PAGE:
Technology has allowed us to share information effortlessly and on a global scale. As a result, the planet’s population is moving ever closer to a universal knowledge-base. However, while the concept of universally shared and accepted knowledge is possible, it cannot exist (at least in the foreseeable future) because of a single factor; the individual knowledge of nations, such as that contained in African research journals.Sarpong (2002) wrote that a people’s approach to knowledge and science (and the investigation thereof) cannot be removed from its history. African content is thus important in relation to research for the following reasons:
1. It Allows for Comprehensive Research
Even if the topic being researched stems from a foreign school of thought, African content is important for comprehensive research. The African literature on the topic might provide supporting or sometimes opposing evidence, making the research on the topic more complete. And, when it comes to research, it is often desirable to include other perspectives in order to validate the position of the research.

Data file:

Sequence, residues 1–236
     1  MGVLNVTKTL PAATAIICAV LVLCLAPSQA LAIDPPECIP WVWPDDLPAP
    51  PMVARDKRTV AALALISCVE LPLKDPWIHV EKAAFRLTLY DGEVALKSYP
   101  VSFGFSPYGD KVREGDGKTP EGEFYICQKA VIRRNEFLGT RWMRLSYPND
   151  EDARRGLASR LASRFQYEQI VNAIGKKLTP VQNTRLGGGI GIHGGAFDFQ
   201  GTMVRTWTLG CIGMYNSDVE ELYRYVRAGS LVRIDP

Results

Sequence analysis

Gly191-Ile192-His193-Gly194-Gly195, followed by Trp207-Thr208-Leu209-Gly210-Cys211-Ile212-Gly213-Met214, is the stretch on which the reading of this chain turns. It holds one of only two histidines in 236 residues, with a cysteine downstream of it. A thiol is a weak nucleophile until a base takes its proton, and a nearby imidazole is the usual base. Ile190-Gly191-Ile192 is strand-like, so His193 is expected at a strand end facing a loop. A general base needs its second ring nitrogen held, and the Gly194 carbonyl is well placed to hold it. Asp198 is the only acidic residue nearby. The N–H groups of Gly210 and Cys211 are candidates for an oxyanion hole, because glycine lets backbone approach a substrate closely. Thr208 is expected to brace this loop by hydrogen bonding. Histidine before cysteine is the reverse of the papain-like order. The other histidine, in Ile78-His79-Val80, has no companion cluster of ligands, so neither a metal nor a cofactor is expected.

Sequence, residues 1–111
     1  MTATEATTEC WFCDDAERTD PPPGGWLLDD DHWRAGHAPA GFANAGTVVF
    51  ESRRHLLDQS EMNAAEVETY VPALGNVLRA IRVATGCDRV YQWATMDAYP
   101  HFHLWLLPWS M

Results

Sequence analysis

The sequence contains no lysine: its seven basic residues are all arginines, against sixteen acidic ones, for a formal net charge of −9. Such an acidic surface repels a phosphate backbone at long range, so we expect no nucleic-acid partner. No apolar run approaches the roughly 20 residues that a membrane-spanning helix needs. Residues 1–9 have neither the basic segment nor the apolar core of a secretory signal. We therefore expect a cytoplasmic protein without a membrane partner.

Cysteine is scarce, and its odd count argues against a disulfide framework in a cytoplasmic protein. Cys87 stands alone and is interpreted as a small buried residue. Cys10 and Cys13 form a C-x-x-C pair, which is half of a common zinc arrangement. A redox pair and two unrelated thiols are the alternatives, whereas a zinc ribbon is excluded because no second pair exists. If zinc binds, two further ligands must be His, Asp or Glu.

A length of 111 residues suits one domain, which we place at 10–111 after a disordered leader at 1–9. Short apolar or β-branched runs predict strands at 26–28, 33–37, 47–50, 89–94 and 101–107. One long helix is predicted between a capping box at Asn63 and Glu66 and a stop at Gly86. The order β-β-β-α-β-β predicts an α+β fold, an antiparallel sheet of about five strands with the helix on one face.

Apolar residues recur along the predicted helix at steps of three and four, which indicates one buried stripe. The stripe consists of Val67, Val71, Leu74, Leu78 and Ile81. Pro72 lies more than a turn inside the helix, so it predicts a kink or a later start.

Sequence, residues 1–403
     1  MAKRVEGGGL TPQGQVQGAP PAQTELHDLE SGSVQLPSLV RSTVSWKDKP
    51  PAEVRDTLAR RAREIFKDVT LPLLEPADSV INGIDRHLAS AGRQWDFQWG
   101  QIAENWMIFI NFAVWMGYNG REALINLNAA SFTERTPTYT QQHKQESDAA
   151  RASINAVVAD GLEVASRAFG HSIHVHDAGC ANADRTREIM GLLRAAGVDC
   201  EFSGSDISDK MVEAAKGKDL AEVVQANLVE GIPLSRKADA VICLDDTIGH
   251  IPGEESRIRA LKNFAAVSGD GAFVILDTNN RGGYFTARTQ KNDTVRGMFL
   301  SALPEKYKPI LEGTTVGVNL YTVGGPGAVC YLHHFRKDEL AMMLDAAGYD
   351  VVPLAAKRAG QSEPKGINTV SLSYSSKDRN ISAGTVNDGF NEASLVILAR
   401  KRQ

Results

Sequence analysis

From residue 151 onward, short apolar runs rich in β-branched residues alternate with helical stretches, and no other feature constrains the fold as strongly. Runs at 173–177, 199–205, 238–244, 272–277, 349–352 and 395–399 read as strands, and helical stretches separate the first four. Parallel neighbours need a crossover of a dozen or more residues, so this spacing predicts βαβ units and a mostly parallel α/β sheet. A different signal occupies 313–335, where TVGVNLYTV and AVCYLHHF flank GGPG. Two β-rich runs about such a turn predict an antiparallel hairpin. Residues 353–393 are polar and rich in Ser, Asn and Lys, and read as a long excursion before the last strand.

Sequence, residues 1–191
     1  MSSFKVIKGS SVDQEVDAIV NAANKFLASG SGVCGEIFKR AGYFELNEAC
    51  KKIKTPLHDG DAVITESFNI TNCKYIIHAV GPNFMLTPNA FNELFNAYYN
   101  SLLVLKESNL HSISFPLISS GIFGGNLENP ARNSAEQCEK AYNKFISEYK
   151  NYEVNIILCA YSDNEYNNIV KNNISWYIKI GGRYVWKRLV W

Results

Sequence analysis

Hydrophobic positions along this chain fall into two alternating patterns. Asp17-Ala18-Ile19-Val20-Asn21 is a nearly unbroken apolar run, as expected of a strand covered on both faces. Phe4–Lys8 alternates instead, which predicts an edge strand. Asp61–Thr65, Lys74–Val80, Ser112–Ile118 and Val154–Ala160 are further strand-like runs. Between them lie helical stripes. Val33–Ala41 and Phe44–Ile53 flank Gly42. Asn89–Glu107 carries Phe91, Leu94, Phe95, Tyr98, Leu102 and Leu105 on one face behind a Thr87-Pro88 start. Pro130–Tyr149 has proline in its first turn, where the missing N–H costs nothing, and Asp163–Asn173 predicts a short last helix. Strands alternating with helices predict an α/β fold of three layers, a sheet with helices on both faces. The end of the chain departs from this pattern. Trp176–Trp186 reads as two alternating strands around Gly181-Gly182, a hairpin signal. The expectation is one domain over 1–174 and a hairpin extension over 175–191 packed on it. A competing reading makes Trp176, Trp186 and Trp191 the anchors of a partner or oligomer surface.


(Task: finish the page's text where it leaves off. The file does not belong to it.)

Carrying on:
2. It Is Absolutely Relevant to African Studies
When it comes to researching African-centric topics, African content is invaluable, for obvious reasons. There is no better perspective on the topics relevant to African development than that portrayed in the literature and journal entries published in Africa by Africans.
3. It Portrays Development over Important Fields
Historical views on certain topics might not always be consistent with modern thinking, but they are always important when it comes to research. This is true for a number of reasons, but one definite advantage of historical literature is the fact that it can be used to portray development over certain fields, and present an accurate time-frame for that development.Sabinet provides access to the African Journal Archive, which covers historical writings on a variety of topics, including politics, history, geology, education, law, medicine, botany, agriculture, and zoology.Sabinet’s African ePublicationsThe African Journal Archive was sponsored by the Carnegie Corporation of New York in an effort to preserve the important literature of Africa and make it available for research projects. The result is a collection of journal articles covering the topics mentioned above, and dating back to 1906.The African Journal Archive contains more than 182 African journals, incorporating over 150,000 articles, which are full-text and fully searchable through our information services.To learn more about this service and how you might access it, be sure to contact Sabinet right away.